SpaceX postponed a launch Tuesday to send 88 small satellites into orbit from Florida in what is known as a rideshare launch due to interference from a possible plane in the region, a SpaceX announcer said.
“It looks like the [launch] range was a no go. There might have been an airplane in the area. We do have a backup opportunity tomorrow, but for today, that’s going to do it for us,” SpaceX’s Andy Tran said after a hold was called with 11 seconds to liftoff.
Liftoff of the Falcon 9 rocket on the Transporter-2 mission had been planned for 2:56 p.m. EDT from Complex 40 at Cape Canaveral Space Force Station. The launch company indicated it will try again at the same time Wednesday.
SpaceX founder and CEO Elon Musk used the incident to blast the Federal Aviation Administration, which requires a large “keep-out” zone for aircraft during a countdown.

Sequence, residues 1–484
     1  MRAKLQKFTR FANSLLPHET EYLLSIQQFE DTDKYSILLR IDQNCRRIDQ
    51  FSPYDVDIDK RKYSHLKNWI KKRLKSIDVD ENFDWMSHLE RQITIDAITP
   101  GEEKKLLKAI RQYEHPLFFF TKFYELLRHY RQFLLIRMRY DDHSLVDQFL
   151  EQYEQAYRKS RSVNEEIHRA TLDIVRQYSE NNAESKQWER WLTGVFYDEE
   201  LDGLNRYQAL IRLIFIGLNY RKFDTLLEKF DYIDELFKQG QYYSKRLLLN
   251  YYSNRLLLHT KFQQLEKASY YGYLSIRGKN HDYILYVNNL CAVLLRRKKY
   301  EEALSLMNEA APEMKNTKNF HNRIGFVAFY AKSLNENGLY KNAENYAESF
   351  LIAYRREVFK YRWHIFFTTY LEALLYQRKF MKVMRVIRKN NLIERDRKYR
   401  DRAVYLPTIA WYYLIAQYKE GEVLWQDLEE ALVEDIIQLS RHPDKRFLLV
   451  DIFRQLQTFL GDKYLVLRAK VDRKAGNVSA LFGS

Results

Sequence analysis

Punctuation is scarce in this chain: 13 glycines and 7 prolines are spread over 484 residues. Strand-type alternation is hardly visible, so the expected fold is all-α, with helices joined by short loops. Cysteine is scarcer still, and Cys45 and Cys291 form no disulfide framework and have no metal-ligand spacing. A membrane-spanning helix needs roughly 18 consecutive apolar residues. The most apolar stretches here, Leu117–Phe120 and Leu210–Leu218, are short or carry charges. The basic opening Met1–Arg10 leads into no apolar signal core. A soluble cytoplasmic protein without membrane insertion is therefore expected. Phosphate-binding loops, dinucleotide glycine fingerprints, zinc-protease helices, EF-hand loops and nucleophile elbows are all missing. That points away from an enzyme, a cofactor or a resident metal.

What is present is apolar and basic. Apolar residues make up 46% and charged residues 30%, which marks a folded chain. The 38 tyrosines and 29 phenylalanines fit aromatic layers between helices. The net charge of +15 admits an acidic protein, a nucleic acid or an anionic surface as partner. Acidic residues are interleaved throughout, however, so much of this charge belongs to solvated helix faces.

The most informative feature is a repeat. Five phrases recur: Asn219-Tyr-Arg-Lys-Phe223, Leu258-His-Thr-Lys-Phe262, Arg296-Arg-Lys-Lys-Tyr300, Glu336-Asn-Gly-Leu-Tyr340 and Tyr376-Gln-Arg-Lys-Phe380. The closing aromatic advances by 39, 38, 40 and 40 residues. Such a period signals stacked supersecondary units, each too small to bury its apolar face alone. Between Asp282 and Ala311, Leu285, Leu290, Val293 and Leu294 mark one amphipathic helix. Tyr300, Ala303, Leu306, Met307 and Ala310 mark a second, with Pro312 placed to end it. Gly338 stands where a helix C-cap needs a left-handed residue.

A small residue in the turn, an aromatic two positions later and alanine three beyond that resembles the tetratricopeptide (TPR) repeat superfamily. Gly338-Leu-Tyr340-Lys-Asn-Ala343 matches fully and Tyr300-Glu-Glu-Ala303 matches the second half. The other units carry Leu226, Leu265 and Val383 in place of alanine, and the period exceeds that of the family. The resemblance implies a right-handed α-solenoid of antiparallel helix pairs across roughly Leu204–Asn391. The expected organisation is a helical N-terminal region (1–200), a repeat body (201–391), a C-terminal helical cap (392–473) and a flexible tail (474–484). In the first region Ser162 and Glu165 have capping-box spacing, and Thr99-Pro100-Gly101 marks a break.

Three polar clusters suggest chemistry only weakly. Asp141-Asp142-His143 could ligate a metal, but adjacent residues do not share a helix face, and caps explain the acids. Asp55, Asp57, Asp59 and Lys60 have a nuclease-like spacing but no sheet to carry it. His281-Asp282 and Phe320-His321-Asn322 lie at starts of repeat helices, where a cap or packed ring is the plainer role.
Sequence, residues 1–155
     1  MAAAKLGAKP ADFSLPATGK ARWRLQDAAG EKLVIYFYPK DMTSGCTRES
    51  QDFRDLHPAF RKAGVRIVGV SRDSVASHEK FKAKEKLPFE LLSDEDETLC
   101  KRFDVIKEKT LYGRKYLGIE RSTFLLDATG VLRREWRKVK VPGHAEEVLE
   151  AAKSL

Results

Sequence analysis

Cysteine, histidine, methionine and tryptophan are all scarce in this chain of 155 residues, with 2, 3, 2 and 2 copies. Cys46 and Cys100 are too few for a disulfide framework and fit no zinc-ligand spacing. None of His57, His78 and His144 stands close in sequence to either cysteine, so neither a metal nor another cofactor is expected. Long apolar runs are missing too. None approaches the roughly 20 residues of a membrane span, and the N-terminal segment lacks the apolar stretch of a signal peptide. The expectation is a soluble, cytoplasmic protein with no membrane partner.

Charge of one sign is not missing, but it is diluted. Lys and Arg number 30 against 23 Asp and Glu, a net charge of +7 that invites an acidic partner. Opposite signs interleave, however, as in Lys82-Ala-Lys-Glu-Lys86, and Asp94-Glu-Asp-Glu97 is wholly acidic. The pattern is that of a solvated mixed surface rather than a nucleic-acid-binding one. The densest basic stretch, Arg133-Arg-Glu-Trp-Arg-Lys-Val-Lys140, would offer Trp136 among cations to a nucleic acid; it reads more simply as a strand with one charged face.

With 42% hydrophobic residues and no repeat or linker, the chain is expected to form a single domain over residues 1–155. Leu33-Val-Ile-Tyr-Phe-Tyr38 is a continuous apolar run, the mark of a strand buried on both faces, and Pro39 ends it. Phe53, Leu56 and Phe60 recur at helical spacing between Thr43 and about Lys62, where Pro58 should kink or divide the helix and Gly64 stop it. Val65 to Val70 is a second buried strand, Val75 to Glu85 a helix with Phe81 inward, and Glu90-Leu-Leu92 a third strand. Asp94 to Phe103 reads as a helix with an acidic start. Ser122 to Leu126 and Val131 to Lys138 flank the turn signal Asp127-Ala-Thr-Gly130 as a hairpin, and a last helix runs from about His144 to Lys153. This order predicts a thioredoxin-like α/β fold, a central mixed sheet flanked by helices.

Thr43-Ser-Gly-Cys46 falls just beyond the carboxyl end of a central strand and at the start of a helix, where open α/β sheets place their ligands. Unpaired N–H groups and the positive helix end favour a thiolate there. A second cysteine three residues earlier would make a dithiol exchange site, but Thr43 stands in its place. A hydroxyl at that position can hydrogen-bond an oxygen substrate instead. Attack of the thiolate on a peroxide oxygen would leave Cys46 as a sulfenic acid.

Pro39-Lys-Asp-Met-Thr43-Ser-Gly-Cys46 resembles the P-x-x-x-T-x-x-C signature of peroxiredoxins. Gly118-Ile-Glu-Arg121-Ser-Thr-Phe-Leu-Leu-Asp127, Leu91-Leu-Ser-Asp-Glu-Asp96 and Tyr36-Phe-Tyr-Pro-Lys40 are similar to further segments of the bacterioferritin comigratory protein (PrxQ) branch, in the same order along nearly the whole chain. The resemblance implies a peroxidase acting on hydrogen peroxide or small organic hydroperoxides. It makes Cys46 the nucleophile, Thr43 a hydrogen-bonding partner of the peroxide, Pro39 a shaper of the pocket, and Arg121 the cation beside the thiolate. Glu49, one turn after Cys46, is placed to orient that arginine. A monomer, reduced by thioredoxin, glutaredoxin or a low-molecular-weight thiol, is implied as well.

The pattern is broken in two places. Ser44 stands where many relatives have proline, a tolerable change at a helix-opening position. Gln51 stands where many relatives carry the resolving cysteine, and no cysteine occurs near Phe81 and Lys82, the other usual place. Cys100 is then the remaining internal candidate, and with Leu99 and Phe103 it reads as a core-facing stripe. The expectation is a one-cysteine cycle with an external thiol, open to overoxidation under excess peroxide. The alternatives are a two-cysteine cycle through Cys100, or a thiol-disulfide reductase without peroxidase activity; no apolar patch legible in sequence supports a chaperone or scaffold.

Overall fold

“An aircraft entered the keep-out zone, which is unreasonably gigantic,” Musk posted on Twitter minutes after the scrub was announced. “There is simply no way that humanity can become a spacefaring civilization without major regulatory reform. The current regulatory system is broken.”According to UPI
A broad variety of spacecraft are prepared for launch, 36 of which were booked for the mission by Seattle-based Spaceflight, a company that helps arrange rideshare missions. Also aboard are three SpaceX Starlink communications satellites and two satellites for NASA.
“It’s our second dedicated small set rideshare program launch, and our 20th launch of 2021,” Tran said. “SpaceX created this program to provide small satellite operators with more opportunities and flexible times at a competitive price.”